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Check Withholding

From IRS: Since federal taxes operate on a pay-as-you-go basis, taxpayers need to pay most of their tax as they earn income. Taxpayers should check that they're withholding enough from their pay to cover their taxes owed, especially if their personal or financial situations change during the year. To check withholding, taxpayers can use the IRS Withholding Estimator. If they want to change their tax withholding, taxpayers should provide their employer with an updated Form W-4.


This year, many of my clients have received notices from IRS assessing an “estimated tax penalty”. Also referred to as an “underpayment penalty”, this occurs when you don’t pay in enough throughout the year. Surprisingly, the penalty can even be assessed if you are due a refund (usually in situations where a large fourth-quarter payment was made instead of paying in gradually throughout the year.)

Usually underpayments happen to taxpayers who have self-employment income or investment income (income that usually does not have taxes withheld from it) but I have had clients this year who have been assessed the penalty when their only income was from W-2 wages, and their employer simply did not take enough out throughout the year. This seems unfair, but unfortunately it has been happening to many people ever since they updated the W4 withholding form and accompanying tables in 2020.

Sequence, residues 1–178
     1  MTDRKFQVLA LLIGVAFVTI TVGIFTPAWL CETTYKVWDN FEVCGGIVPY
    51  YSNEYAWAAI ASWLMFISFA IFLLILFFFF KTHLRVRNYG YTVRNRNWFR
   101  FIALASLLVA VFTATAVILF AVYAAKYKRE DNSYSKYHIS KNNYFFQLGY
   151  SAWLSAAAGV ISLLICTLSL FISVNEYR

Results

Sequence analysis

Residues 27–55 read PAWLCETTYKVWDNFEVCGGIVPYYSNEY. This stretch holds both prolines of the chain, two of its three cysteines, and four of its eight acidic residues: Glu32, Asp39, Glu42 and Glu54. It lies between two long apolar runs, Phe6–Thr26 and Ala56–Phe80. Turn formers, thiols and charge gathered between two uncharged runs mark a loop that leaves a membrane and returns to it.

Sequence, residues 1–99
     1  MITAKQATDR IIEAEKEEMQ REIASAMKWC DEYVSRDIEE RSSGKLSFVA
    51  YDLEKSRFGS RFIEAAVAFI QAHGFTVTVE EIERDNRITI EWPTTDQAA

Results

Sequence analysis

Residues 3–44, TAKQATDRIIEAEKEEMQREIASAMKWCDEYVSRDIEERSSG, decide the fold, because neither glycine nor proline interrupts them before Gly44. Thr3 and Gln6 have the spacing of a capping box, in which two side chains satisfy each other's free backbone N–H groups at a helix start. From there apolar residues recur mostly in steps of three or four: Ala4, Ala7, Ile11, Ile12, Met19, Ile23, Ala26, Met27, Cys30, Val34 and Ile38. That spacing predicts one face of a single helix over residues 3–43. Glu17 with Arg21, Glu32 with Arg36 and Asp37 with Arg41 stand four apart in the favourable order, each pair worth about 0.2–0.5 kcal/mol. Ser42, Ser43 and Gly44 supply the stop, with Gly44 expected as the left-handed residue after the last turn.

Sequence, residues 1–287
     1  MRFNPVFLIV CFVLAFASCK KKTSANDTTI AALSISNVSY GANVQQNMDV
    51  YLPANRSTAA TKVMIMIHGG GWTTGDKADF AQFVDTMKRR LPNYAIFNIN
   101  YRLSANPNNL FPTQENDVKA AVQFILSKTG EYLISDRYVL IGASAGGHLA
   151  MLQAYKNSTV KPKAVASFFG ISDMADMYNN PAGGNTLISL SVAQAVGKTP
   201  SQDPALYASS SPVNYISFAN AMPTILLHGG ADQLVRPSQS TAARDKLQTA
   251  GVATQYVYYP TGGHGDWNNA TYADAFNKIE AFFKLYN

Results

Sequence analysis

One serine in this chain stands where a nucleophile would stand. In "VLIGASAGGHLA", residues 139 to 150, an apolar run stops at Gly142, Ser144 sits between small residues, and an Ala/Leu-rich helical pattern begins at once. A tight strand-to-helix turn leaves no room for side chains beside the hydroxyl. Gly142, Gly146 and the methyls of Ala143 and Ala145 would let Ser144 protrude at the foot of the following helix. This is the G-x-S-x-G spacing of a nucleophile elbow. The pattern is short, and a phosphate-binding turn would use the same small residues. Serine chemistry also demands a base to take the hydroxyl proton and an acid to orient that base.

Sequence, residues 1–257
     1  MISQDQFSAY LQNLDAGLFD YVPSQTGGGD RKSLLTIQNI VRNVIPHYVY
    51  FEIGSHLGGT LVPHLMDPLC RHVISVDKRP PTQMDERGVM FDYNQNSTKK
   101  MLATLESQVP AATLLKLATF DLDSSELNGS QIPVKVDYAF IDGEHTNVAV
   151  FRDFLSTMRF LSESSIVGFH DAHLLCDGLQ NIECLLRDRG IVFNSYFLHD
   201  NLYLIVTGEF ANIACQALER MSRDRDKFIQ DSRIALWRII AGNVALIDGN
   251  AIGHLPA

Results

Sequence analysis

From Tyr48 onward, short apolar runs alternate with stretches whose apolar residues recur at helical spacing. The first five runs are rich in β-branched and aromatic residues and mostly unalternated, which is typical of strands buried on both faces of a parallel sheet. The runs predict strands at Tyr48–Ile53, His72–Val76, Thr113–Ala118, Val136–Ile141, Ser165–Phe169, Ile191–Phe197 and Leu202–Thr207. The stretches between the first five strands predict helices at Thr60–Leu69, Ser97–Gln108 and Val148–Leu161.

The IRS says”The new design reduces the form's complexity and increases the transparency and accuracy of the withholding system. While it uses the same underlying information as the old design, it replaces complicated worksheets with more straightforward questions that make accurate withholding easier for employees.”


This has not been my personal experience or the experience of the majority of taxpayers that I work with. The new form has proven to be more complicated, more confusing, and far less accurate than the old withholding form that was in effect pre-2020.


In addition, I have seen many taxpayer’s withholding change from one year to the next, even when they have not completed a new W-4 form, meaning the employer withheld less throughout the year without the employee being aware, and then at the end of the year they ended up owing because of the shortfall.


It’s been disappointing and definitely not a fun part of my job to have to tell people they owe taxes when maybe they are use to or expecting a refund.


The good news is, I can help you get your withholding on track. If you owed taxes last year when you filed, or if you believe that not enough taxes being with you from your paycheck, I offer W-4 withholding consults for $150. I will ask for your most recent pay stub (and most recent tax return if you aren’t a client of mine) and do my own calculations and projections to come up with a recommendation (and can even help you complete a new W4 withholding form that you can turn in to your company’s HR/payroll department.)





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